Executive Producer: Brannon Braga

If Voyager’s got a problem, who do you blame? Brannon Braga.

Would “Voyager” have turned out differently is he had not taken the helm? There probably wouldn’t have been any change. Voyager’s episodic style was already firmly cemented in place by the time he became Executive Producer, and although he didn’t change the style of the series, he certainly didn’t make it any worse. In season seven, we’re still seeing the same style of stories, but people are pointing out more “continuity” than in previous seasons. However, references to past episodes do not make or break a series, and many of the season seven stories have been quite weak. Certainly not what you’d expect from a series trying to go out with a bang, though episodes like “The Void” show promise for the final stretch.

The Captain jumps ship.

Rumours abounded, particularly during the fifth season, that Kate Mulgrew would be leaving the series. If she had left "Voyager," it may have killed the series. There are many out there who don’t like Mulgrew’s performance as Janeway, but she defined the series with her leadership. Without Janeway, Seven’s role would probably have grown until she became the nominal star of the show, pushing other command personnel into the background. Certainly, I could not have seen Voyager continuing without its original captain.

Ronald D. Moore

Ron Moore joined the "Voyager"writing staff for two episodes before leaving the series. Moore is an exceptionally talented writer, and he would have been an asset to "Voyager." The style of the show may not have changed that much, but it would have added some breadth of experience to the writing staff. It was certainly Voyager's loss that he didn't stay any longer.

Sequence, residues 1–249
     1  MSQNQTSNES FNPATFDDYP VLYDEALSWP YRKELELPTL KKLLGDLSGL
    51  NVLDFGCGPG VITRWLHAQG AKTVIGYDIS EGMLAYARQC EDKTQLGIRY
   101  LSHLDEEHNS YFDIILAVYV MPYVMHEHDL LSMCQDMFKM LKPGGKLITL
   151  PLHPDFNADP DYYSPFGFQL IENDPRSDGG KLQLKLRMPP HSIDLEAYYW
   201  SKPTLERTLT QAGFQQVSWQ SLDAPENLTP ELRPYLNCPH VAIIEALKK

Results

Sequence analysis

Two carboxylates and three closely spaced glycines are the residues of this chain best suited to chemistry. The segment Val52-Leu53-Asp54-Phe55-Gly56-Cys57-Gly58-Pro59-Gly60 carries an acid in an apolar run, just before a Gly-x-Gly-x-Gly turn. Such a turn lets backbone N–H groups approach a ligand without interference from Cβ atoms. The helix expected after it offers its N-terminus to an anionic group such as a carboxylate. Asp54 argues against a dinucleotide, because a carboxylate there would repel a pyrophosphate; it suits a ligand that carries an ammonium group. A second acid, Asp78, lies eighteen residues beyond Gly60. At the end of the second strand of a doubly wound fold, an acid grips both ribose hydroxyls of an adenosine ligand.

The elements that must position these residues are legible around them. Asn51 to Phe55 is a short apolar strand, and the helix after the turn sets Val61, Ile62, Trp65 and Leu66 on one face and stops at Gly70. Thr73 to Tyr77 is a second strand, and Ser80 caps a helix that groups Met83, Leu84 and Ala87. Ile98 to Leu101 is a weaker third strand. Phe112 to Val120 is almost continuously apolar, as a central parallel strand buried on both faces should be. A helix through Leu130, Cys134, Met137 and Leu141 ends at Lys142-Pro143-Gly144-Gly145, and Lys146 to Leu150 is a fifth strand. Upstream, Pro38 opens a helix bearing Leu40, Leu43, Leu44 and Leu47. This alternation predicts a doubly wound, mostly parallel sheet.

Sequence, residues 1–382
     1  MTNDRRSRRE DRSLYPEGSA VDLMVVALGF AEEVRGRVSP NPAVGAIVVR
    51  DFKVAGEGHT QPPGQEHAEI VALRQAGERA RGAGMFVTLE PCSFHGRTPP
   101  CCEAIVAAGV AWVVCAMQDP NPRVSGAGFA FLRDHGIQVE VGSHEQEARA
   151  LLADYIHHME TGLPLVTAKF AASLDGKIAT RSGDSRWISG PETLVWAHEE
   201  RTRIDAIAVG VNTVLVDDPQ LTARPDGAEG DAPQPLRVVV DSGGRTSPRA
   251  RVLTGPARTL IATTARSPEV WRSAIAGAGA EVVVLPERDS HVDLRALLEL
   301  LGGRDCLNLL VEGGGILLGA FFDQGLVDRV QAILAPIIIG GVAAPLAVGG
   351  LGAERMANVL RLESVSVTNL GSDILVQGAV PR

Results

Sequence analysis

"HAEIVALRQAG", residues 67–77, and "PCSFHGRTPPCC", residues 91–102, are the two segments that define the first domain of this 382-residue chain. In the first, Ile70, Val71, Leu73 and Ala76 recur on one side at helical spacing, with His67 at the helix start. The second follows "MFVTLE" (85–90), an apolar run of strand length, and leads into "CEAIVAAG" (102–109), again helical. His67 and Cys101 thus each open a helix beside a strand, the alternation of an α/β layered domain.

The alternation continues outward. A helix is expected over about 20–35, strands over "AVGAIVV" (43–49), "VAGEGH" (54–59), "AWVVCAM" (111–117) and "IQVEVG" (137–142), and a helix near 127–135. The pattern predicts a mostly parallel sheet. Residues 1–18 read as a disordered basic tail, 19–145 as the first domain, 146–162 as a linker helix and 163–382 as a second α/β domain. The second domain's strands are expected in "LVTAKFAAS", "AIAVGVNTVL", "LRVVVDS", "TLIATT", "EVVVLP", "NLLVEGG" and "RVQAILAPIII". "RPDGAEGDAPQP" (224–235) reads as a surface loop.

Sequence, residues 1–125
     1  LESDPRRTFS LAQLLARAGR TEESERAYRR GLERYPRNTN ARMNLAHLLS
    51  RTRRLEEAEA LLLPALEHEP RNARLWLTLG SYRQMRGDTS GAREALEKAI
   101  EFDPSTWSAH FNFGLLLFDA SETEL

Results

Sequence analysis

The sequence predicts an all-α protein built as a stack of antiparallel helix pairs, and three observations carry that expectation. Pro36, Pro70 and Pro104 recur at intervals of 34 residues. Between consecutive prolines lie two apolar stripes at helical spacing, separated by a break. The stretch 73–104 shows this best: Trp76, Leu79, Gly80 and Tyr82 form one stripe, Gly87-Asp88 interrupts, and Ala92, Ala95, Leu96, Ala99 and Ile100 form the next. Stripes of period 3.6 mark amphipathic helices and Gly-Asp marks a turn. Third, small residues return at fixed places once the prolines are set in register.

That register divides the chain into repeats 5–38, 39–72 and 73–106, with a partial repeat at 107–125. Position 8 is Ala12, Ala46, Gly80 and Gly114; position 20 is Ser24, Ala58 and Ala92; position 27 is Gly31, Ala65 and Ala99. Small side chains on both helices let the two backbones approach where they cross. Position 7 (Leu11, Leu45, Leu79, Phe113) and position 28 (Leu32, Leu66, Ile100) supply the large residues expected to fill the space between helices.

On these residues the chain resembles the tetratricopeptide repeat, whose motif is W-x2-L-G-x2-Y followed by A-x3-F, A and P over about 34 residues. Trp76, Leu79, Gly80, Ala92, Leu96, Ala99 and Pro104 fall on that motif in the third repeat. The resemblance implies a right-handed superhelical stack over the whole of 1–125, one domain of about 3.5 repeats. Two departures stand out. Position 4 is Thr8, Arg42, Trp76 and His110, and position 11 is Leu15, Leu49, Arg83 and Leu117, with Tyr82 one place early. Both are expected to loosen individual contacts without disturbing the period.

Destination: Earth

The final question is one which defines the series: will Voyager make it home? With less than half a season left to run, that question looks like it will have to wait until the series finale. However, there was consistent talk about getting Voyager home earlier from season five onwards, with Kate Mulgrew commenting on how it would open up an array of story opportunities, particularly with Seven and the Maquis. If Voyager had returned at the beginning of the sixth season, it would have become just another Trek series; lost in the Delta Quadrant there’s the opportunity to explore those uniquely Voyager stories.

Of course, from the outset the series could have had a darker, grittier tone, but I think that Voyager may have ended up with a very different fanbase. There’s a part of me that wishes that they had exploited that side of the premise more, yet I love the humourous camaraderie that exists between the characters as they stand. “Voyager” could have been a very different show if other choices had been made, but still, a lot of the potential has been met. Part of being a writer is learning to compromise between the vision and the reality, something that “Muse” demonstrated very effectively. With the finale only a few months away, the writers have one last chance to push the envelope. After all, the sky’s the limit!

Two roads diverged in a wood, and I--
I took the one less travelled by,
And that has made all the difference.
-- Robert Frost

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Caillan Davenport is moderator of the Trek BBS Science Fiction and Fantasy forum and is editor of the J-Team newsletter. His 'A Briefing With Caillan' column is published regularly here at the Trek Nation.